Standing on the shoulders of giants – Dr Habib Naqvi
Posted: 12 Jun 2015 01:51 AM PDT
NHS England’s Equality Lead, Dr Habib Naqvi, explains why next week’s Windrush and Diversity Celebration is so important to the NHS and society today……..
Labels: NHS England newsletter
New guidelines from the British Committee for Standardisation in Haematology:
· Management of AML in pregnancy
· Guidelines on cancer and thrombosis
· Clinical use of apheresis procedures for the treatment of patients and collection of cellular therapy products
More clinical than practical-lab-based, but always interesting...
Labels: BCSH Guidelines
I was rather excited by today’s email from bloodmed (dot com) The news section had articles on News paternal age linked to blood cancer risk, an equation describing blood flow and how breast-feeding may prevent leukemia
The articles were quite interesting, but I was rather keen to look at the Trainees and CPD section as (apparently) new content had been added.
I clicked – nothing happened….
It says somewhere in the CPD regulations that I’m supposed to try to do CPD – sometimes it’s not successful.
Labels: bloodmed newsletter
Last night I had an interesting case; young (ish) lad with sore throat and raised glands. Raised monocytes on the blood count prompted me to make a blood film. Characteristic cells seen under the microscope meant I performed a glandular fever test. Positive.
I felt rather smug with myself as I phoned the Emergency Care Centre with the news. the staff there were also pleased with my findings.
This morning on the Medical Laboratory Science Facebook group I saw that someone else on their night shift had had another case which was instantly identifiable.
Not that I have any choice in the matter, but I'd rather find glandular fever any day (or night)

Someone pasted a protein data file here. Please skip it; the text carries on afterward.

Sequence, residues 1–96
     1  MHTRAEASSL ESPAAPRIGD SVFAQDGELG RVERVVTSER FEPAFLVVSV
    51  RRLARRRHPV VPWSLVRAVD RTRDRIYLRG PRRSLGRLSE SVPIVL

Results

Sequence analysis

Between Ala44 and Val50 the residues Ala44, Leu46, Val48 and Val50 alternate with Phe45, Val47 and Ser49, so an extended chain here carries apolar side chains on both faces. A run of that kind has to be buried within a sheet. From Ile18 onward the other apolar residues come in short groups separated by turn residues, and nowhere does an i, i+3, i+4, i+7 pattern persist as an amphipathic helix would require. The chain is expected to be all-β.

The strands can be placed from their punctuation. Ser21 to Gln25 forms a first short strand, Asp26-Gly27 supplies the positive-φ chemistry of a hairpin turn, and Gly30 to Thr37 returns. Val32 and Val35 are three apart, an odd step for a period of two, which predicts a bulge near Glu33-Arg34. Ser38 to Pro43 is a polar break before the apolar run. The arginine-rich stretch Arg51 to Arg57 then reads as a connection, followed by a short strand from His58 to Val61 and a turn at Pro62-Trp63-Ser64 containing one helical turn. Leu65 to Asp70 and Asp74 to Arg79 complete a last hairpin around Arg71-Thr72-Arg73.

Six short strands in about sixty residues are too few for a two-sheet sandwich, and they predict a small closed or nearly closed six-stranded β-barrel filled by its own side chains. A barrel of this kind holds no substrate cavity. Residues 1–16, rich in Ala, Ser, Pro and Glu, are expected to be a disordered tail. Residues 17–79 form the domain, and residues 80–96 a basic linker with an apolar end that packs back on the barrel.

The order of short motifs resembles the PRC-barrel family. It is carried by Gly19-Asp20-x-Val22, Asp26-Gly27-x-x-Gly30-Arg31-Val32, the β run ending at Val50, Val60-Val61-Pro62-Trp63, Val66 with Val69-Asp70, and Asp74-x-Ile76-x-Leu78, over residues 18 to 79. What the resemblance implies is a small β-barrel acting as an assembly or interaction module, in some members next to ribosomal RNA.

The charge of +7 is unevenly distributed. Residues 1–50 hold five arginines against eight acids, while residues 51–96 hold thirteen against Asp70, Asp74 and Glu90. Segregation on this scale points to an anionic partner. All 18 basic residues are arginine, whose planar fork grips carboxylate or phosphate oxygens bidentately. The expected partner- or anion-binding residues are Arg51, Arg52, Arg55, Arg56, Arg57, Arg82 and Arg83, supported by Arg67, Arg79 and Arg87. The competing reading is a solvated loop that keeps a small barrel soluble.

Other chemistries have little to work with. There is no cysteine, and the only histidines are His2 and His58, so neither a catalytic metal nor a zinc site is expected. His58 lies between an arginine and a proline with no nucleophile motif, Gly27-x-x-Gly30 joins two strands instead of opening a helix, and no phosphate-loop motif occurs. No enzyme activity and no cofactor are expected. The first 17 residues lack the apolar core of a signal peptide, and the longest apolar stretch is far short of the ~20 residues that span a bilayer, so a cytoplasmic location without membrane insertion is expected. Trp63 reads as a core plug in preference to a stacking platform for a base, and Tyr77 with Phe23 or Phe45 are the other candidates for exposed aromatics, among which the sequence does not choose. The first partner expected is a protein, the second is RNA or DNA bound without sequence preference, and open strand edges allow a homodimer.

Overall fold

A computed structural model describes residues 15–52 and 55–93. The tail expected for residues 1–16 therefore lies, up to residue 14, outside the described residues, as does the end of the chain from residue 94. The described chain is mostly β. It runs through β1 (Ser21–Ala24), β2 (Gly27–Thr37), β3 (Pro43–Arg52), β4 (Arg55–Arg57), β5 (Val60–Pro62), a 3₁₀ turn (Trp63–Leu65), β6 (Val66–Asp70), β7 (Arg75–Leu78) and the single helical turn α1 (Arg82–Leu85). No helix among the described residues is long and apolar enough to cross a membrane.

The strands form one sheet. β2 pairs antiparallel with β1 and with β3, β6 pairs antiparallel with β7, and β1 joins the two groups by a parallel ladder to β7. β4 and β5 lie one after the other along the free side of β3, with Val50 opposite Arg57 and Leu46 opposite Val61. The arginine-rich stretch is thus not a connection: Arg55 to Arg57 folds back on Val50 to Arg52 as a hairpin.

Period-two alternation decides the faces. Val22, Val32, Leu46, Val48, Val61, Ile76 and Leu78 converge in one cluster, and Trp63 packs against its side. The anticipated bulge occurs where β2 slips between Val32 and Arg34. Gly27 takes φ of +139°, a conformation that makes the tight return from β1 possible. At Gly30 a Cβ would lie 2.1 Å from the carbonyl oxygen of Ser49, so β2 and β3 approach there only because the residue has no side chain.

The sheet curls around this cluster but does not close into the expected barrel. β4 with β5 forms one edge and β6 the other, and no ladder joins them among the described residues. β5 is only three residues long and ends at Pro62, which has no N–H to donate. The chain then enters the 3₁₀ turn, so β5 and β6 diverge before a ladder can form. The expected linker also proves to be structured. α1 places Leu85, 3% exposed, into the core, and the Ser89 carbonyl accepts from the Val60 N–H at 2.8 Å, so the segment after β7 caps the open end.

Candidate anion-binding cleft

The HCPC “In Focus” newsletter came out today. Previously I’ve been rather scathing about the thing.
I’m afraid I’m going to be so again. There was *very* little of relevance to me. Orthoptists and paramedics subs are due. The Chair of Council is stepping down. The consultation on the revised Standards of conduct, performance and ethics continues. The annual subscription is going up by twelve per cent (which I think is a bit steep!)…. And so it went on. Nothing really noteworthy.
But on the positive side today’s newsletter had a survey about how they might improve future editions. I said I wanted more information directly relevant to me and what I do.
Is that so much to ask?
Labels: HPC Newsletter
Today I did e-learning. The annual review of Anti-D, Good Manufacturing Practice and Safe Transfusion Practice.
All valuable refreshers, but (at the risk of appearing negative) revising knowledge is rather dull compared to learning something new…
Whilst on a day being a clinical chemist we had a sample with a diagnosis I’ve not seen before.
Wolff-Parkinson-White syndrome is a disorder of the electrical systems of the heart and consequently electrolyte balance is of prime importance in such a condition.
Apparently the famous singer Meat Loaf suffers from it. Usually such an admission would breach all sorts of medical confidences… but I read that on Wiikipedia (so it must be true!)
Labels: clinical condition